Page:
Discovery of New Blood Pressure Phenotypes and Relation to Accuracy of Cuff Devices Used in Daily Clinical Practice
Cuff blood pressure (BP) is the reference standard for management of high BP, but the method is inaccurate and can lead to BP misclassification. The aims of this study were to determine whether distinctive BP phenotypes exist based on BP transmission (amplification) variability from central-to-peripheral arteries and whether applying one standard cuff BP measurement approach (eg, oscillometry) to all people could discriminate the BP phenotypes. Intra-arterial BP was measured at the ascending aorta and brachial and radial arteries in 126 participants (61±10 years; 69% male) after coronary angiography. Central-to-peripheral systolic BP (SBP) transmission (SBP amplification) was defined by ≥5 mm Hg SBP increase between the aorta-to-brachial or brachial-to-radial arteries. Standard cuff BP was measured 4 different times using 3 different devices. Three independent investigators also provided data (n=255 from 4 studies) using another 3 separate cuff BP devices. Four distinct BP phenotypes were discovered based on variability in SBP amplification: phenotype 1, both aortic-to-brachial and brachial-to-radial SBP amplification; phenotype 2, only aortic-to-brachial SBP amplification; phenotype 3, only brachial-to-radial SBP amplification; and phenotype 4, neither aortic-to-brachial nor brachial-to-radial SBP amplification. Aortic SBP was significantly higher among phenotypes 3 and 4 compared with phenotypes 1 and 2 (P=0.00074), but this was not discriminated using any standard cuff BP measures (P=0.31). Data from independent investigators confirmed the key findings. This is the first-in-human discovery of BP phenotypes that have significantly different BPs, but which are not discriminated by standard cuff BP devices used in daily clinical practice. Improved BP device accuracy may be achieved by considering individual phenotypic BP differences.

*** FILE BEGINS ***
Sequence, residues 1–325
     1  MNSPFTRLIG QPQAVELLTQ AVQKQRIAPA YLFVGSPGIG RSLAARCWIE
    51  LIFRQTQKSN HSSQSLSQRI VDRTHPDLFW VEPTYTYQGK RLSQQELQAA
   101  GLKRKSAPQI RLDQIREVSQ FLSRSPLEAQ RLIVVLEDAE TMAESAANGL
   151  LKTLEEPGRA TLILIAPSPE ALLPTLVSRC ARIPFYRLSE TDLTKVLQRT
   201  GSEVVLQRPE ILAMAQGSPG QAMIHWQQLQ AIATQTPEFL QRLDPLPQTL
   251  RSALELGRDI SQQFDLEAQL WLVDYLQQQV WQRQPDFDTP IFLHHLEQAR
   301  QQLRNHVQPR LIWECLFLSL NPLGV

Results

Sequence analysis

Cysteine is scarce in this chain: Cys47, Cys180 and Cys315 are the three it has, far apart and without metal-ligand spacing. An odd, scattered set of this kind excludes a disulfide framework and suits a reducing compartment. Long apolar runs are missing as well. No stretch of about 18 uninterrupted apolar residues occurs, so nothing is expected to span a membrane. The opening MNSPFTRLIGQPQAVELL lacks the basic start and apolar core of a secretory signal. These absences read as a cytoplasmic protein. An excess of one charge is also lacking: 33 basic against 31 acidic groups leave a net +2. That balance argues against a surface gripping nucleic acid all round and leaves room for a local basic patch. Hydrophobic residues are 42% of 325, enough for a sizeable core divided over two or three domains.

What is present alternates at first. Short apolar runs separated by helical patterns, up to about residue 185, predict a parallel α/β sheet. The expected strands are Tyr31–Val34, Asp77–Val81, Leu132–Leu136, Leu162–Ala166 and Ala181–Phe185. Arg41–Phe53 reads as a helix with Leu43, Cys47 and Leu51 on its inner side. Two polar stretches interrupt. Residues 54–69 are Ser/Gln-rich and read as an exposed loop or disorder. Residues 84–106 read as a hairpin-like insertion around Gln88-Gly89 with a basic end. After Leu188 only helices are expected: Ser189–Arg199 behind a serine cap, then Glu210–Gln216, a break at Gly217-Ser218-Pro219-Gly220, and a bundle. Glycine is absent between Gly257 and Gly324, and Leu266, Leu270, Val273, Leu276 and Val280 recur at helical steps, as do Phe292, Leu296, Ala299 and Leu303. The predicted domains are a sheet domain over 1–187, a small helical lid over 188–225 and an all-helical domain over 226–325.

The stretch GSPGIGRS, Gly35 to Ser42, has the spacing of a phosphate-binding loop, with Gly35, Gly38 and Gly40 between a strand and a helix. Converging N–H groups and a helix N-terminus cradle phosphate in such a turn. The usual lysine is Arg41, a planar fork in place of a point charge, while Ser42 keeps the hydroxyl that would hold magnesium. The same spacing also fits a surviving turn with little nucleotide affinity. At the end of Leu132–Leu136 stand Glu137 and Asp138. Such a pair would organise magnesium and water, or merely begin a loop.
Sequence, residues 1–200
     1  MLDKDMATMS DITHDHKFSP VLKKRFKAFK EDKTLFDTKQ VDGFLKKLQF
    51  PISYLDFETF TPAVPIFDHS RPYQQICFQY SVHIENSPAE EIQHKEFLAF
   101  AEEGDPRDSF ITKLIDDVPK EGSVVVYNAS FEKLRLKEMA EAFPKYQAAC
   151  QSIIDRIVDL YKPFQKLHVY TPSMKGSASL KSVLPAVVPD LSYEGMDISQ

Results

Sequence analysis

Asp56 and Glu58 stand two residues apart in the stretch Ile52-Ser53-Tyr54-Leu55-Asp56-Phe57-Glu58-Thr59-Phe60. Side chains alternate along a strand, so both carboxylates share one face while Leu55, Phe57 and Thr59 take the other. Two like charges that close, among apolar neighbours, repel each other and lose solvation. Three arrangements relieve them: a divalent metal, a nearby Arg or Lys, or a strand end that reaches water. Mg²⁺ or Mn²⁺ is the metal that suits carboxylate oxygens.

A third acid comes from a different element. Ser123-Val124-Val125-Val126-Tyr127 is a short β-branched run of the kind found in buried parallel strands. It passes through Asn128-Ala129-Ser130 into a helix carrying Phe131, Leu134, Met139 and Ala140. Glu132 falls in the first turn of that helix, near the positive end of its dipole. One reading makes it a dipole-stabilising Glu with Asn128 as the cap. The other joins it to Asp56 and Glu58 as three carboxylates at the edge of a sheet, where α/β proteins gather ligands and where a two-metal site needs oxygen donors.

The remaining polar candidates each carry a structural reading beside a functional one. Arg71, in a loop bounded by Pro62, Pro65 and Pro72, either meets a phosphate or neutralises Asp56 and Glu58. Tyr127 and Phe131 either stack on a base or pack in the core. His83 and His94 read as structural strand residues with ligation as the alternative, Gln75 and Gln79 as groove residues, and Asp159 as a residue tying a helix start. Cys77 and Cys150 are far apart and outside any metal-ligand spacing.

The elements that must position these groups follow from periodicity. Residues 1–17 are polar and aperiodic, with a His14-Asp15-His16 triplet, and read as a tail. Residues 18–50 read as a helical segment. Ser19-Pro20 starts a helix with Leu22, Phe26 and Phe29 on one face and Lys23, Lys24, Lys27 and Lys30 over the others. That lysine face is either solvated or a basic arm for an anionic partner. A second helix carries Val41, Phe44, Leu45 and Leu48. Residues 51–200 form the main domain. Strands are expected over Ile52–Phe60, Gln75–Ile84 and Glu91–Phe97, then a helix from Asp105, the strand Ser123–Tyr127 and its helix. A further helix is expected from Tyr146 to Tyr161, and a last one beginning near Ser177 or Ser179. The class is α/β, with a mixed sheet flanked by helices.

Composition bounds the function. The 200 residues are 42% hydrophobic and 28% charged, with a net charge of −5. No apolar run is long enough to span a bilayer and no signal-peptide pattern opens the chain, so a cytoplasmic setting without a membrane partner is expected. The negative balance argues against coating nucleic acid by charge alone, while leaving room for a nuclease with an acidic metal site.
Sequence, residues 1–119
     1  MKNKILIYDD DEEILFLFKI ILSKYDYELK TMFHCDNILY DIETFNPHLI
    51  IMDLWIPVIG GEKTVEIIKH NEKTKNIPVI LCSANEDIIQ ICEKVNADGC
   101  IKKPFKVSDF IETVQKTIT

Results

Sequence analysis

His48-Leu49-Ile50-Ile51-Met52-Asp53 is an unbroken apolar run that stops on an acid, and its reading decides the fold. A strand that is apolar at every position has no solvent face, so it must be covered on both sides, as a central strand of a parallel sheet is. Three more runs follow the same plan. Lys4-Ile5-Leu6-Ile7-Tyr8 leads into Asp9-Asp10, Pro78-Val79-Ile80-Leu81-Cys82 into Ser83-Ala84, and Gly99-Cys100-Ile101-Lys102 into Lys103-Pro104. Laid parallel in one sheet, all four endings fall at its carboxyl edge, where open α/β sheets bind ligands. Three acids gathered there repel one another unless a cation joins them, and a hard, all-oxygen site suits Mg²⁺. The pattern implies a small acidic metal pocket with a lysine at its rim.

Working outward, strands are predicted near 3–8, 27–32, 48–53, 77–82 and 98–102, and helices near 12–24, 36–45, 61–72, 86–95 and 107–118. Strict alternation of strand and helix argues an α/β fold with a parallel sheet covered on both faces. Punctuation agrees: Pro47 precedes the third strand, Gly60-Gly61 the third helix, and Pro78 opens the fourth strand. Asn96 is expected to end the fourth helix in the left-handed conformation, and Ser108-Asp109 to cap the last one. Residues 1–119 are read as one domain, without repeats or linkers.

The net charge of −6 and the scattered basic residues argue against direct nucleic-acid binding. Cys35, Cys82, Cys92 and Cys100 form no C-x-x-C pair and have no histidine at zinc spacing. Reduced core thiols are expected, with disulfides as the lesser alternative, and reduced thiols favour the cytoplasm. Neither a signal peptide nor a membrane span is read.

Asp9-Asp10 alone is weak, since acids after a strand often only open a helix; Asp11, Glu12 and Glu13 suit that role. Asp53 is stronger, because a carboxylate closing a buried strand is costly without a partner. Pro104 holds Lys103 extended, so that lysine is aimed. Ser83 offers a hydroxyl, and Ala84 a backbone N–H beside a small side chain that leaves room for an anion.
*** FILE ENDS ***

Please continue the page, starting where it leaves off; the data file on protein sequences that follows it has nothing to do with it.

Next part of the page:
- Received December 5, 2017.
- Revision received January 4, 2018.
- Accepted February 27, 2018.
- © 2018 American Heart Association, Inc.